I remember the day when I actually felt that I had a bit of creativity in me (besides the day I gave birth). My daughter, Sarah, was 4 years old and was having a meltdown in the evening just before bedtime. I've forgotten the exact trigger, but she was sobbing and resisting and saying "no" to everything. I was pretty much at the end of my rope, too. Reasoning wasn't an option, and forcing her to quiet down or explain what was bugging her was also going nowhere. So, I sat her on my lap, put my arms around her and said,
"Is it hard being 4?"
This may sound laughable to you, and I admit that when I said it, I kind of meant it as a joke. But, as soon as I asked the question, Sarah turned her tear-streaked face to me, nodded solemnly and said in a relieved voice, "Yes," as if she had a huge weight lifted from her 4-year-old shoulders. She snuggled up and we both just sat there for about a minute or so, then calmly and quietly we continued with the bedtime rituals. Wow!
No tangible artwork was created that night, but a creative solution to a problem was definitely born.
Assignment photography is usually a little more problem-solving than blank canvas, but that doesn't mean creativity goes out the door. When you ask your photographer to make your factory look pretty, or to make the CEO look dignified, relaxed, friendly and in-charge, or the newest device look futuristic but also accessible, you're giving him the subject, the tone and the mood. But it's up to him to figure out how to create those images that "say" what you want them to.
With that in mind, I asked each of the DBA photographers to send me a photo followed by the back story about it's creation. Here's what they came up with:
© Amos Chan (Based In New York City)
This was a test shot for Elizabeth Schneider's vegetable cook book, Vegetables from Amaranth to Zucchini. My idea was to have each vegetable sitting on a page of a newspaper from the vegetable's country of origin in its native language. My example here is Chinese Chives on a piece of Chinese newspaper. Elizabeth loved it, but unfortunately, the book designer nixed the idea. I still like the shot.
(Based in Seattle)
I shot this image for the Puerto Department of Tourism. We found this beautiful location, located the owner, got permission and proceeded to set up in the middle of nowhere. The air was heavy with humidity and there was no breeze at all. We did not have a generator to create wind, so one of the crew members fanned a large piece of foam core to create "wind" on the model. But that did nothing for the scarf around her. So my stylist did double duty by standing up behind the model, rolling the scarf, tossing it in the air and then diving down into the long grass as I did the photo.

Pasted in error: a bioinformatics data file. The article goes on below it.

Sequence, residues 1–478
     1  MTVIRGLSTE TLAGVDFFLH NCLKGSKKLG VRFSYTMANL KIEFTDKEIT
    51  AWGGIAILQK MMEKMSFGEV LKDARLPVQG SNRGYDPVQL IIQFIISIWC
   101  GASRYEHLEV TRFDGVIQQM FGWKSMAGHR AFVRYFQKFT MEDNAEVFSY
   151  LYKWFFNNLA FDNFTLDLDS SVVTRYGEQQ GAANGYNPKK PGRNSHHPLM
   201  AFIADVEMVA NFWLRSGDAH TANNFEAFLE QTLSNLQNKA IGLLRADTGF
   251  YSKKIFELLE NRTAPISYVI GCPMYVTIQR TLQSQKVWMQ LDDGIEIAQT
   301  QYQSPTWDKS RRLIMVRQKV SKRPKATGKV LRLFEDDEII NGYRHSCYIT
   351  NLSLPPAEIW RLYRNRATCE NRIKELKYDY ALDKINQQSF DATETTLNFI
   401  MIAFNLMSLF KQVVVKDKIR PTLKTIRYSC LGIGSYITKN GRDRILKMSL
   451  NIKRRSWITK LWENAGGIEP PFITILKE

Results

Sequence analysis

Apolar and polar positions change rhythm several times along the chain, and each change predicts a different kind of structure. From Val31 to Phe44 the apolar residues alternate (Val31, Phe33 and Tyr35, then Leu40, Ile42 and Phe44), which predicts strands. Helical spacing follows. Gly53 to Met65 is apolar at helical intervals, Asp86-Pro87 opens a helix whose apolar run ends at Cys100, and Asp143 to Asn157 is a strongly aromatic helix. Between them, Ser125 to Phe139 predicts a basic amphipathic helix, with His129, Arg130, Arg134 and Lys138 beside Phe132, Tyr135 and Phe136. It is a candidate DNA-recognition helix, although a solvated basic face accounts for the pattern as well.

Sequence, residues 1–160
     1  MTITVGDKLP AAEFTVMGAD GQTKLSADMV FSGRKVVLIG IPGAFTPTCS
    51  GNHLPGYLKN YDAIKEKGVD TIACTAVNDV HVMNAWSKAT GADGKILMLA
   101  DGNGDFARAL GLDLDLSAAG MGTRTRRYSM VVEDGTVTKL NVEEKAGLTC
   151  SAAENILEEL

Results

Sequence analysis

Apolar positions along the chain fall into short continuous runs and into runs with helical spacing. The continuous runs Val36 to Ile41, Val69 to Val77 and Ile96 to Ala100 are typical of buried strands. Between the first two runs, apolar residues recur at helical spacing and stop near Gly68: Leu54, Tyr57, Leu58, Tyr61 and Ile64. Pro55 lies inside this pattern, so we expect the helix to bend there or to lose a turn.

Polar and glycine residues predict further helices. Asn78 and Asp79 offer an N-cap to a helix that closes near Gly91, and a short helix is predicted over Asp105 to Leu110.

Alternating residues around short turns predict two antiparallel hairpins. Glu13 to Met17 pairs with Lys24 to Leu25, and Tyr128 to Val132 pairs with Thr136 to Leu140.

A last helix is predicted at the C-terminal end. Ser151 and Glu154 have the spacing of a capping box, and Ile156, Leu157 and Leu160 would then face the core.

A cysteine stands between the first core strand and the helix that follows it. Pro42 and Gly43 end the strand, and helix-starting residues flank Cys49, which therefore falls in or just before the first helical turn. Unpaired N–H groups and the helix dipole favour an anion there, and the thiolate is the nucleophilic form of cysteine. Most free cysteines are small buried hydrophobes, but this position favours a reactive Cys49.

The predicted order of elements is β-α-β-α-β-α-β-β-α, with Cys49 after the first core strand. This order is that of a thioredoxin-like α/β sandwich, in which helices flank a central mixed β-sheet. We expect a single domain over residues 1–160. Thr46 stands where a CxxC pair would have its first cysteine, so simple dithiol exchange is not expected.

(based in Chicago)
I have always believed in what John Cleese said in his talk about creativity: "Creativity is not a talent but a way of operating." Watch
of the whole talk here.
(based in Hong Kong) Photo courtesy of Sikorsky
This photo for Sikorsky of their S92 helicopter was shot over the city of Bangkok. The shoot was scheduled on a typically hot and hazy tropical day. Very tough shooting atmosphere especially from a chase helicopter. We were only going to have 30 minutes in the air, so the pilots and I created a flight plan which took into account two important issues: 1. keeping my chase 'copter between the S92 and the sun at all times; and 2. avoiding the restricted airspace over the Royal Family's compound. The careful pre-planning produced some beautiful opportunities.
(based in the UK)
When it comes to photographing anything do to with the military, getting permissions can be tough and take a long time. I had a client who was involved with head-up displays in military fighter jets and needed some shots for their annual report. They were reluctant to contact the Royal Air Force (RAF) in the UK because of the security issues involved. Fortunately, an art director who worked on the Royal Air Force account was a good friend and colleague. After a phone call to him, a photo shoot was organized at RAF Marham in Norfolk within fifteen minutes, with access to a Tornado jet plus a two man flight crew. The rub was that I had permission for only a VERY short shoot time. The client wanted a photo of the flight crew shot from the rear walking to the jet. Fine, no problem. But I also shot the image above which I felt better emphasized the strength of their product, and, in the end, this was the shot that landed on the cover of the report. Success all the way around.
© Jon Love (Based in Sydney, Australia)
This photo was shot on the day that the Commonwealth Bank staged a re-enactment of their annual charity boat race. Unfortunately, there wasn't much water in the river that day, and the "crew's" spirits were flagging. So, I arranged with the city's fire brigade to get a couple of trucks out to the river and have firemen with hoses douse the boat crew with water, making for a hilarious experience, thoroughly enjoyed by all (soaked cameras notwithstanding)!
(based in New England)
A photo of just-for-the-heck-of-it creativity.
By the way, if you're in the market for stock photography, have a look at Bill Gallery's images here:
Getting back to my daughter, Sarah. I used that "Is it hard being _____ years old?" line with her the next year when she was 5 (worked great) and tried again when she was 6. But by then she pretty much knew what she was crying about and wouldn't give up until she got her way. Ugh! Just like a lot of ideas, once their freshness is gone, they don't seem quite as creative any more. But if you think about it, that's probably a good thing.
Be on the lookout for November's word: